They control the speed of the centrifuges that extract the enriched uranium. From TFA:

Stuxnet targets specific frequency converter drives — power supplies that are used to control the speed of a device, such as a motor.

[...] the centrifuges need to spin at a precise speed for long periods of time in order to extract the pure uranium. If those centrifuges stop to spin at that high speed, then it can disrupt the process of isolating the heavier isotopes in those centrifuges . . . and the final grade of uranium you would get out would be a lower quality.

Re:frequency converter drives ? (0)

Anonymous Coward | more than 3 years ago | (#34240358)

They tell the centrifuges how fast to spin, which controls the rate at which your heavier isotope (U238) drifts away from your lighter isotope (U235).

Too good to be true. (4, Funny)

johncadengo (940343) | more than 3 years ago | (#34240292)

Can't wait for the movie adaptation. I heard they got a book in the works too???

Re:Too good to be true. (4, Funny)

Ihmhi (1206036) | more than 3 years ago | (#34240412)

Hackers 4: One Half-Life To Live

Starring Shia LeBeouf, Robert Pattinson, Michael Cera, Nicole "Snooki" Polizzi, and Megan Fox

Re:Too good to be true. (1)

kestasjk (933987) | more than 3 years ago | (#34240584)

Yeah; a bunch of software developers and reverse engineers working in an office on a worm for a few months, then they launch it (probably by scattering a few USB dongles around or something), it spreads to Iran and reduces their enrichment capacity before they start slowly clearing up the mess, allowing another year of tedious negotiations in the UN. It'll be huge.

Re:Too good to be true. (1)

kestasjk (933987) | more than 3 years ago | (#34240588)

Seriously though from a technical standpoint it is fascinating, but it is heart wrenching to come to slashdot and just see "hmm I think Botswana did it!! they use coal and see nuclear as a threat" "no no no it was yugoslavian seperatists!!"

I don't know whats more worrying... (3, Insightful)

Viol8 (599362) | more than 3 years ago | (#34240420)

... the emergence of this type of worm or the fact that a consumer OS as security poor as Windows is being used in nuclear plants. And no, I don't think Linux or OS/X would be much of an improvement. OpenBSD maybe. But surely for operations such as this where a fault really could lead to numerous people dying in unpleasent ways a tested, secure real time OS from somewhere like Green Hills would be used? OK , in Iran I realise this wouldn't be possible but Windows isn't just used over there in important industrial applications.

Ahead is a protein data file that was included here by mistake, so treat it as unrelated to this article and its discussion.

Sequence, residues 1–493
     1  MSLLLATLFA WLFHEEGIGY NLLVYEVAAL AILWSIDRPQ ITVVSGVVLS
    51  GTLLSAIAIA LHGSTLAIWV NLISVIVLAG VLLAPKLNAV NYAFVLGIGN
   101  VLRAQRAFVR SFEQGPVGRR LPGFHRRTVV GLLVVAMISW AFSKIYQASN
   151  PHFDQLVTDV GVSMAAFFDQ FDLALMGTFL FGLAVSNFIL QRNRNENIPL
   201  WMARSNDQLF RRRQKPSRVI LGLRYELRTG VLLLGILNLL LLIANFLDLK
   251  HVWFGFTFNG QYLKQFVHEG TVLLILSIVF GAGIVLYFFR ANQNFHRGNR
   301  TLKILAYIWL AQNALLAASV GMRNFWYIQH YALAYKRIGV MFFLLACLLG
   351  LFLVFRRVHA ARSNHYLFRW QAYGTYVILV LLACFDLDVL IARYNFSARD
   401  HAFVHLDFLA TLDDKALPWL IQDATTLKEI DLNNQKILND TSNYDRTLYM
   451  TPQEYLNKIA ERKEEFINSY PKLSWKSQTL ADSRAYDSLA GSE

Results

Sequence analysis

You wouldn't want Windows (or Linux or OS/X) flying your Airbus so why the hell do people think its ok to run indistrial sites with it??

Re:I don't know whats more worrying... (0, Troll)

gl4ss (559668) | more than 3 years ago | (#34240454)

the system is meant to be CONTROLLED from a windows, or any, machine connected to the network.
the centrifuge controllers etc naturally don't run windows. they might even be dos.

anyways, the problem wasn't just running windows, it's that the whole control network for the centrifuges wasn't isolated.

Re:I don't know whats more worrying... (4, Funny)

Viol8 (599362) | more than 3 years ago | (#34240576)

Well thats ok then. as long as its only CONTROLLED by it. Perhaps we should put Windows in avionic packages then, after all, it will only CONTROL the flaps and engines. Would could possibly go wrong?

Re:I don't know whats more worrying... (1)

vegiVamp (518171) | more than 3 years ago | (#34240702)

I seem to recall we have DOS flying space shuttles.

Re:I don't know whats more worrying... (1)

Viol8 (599362) | more than 3 years ago | (#34240724)

I don't know if thats true or not, but astronauts are fully aware of the risks they're taking when they sign up. People who live within a few miles of a high risk industrial or nuclear plant didn't sign up for anything.

Re:I don't know whats more worrying... (1)

vegiVamp (518171) | more than 3 years ago | (#34240792)

Depends on wether they or the plant was there first.

And that.... (1)

balaband (1286038) | more than 3 years ago | (#34240462)

....is how Shai Hulud was born.

Loudmouths (-1, Troll)

benjfowler (239527) | more than 3 years ago | (#34240490)

Stuxnet might've worked if it wasn't for those stupid, selfish loudmouth losers at WikiLeaks.

In case these preening, self-aggrandizing tossers didn't notice -- we're in an ongoing conflict with some very nasty people. These arsehats just couldn't help themselves..

Re:Loudmouths (3, Insightful)

oji-sama (1151023) | more than 3 years ago | (#34240548)

I would think that Iranians would have noticed their Nuclear chief's resignation (and the possible nuclear incident) themselves.

Re:Loudmouths (2, Insightful)

wannabgeek (323414) | more than 3 years ago | (#34240790)

we're in an ongoing conflict with some very nasty people.

Are you talking about Iranians, or Americans? 'cuz I'm sure the Iranians share your thoughts, just in the opposite direction.

well (2, Insightful)

Charliemopps (1157495) | more than 3 years ago | (#34240514)

hey, it's better than an invasion right? I'm sure Symantec are happy with themselves discovering this, but I hope the realize that if Iran hadn't already figured it out, Symantec just informed them, and brought them a little closer to getting the shit bombed out of them by either the US or Israel.

Re:well (0)

Anonymous Coward | more than 3 years ago | (#34240656)

Win-win? Symantec gets publicity and governments can pull another "weapons of mass destruction" argument out of their asses by saying "hey we tried", before doing what they always wanted to: start another war.

More details (5, Informative)

jimmyswimmy (749153) | more than 3 years ago | (#34240608)

There's a lot more detail in the symantec virus "dossier" [symantec.com] . A very interesting and detailed read.